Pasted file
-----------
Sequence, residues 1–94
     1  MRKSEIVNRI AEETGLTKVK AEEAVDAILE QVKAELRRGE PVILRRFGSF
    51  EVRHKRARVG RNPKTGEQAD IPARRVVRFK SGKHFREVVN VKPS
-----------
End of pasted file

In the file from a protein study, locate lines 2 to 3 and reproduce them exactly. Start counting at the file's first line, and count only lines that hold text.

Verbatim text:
     1  MRKSEIVNRI AEETGLTKVK AEEAVDAILE QVKAELRRGE PVILRRFGSF
    51  EVRHKRARVG RNPKTGEQAD IPARRVVRFK SGKHFREVVN VKPS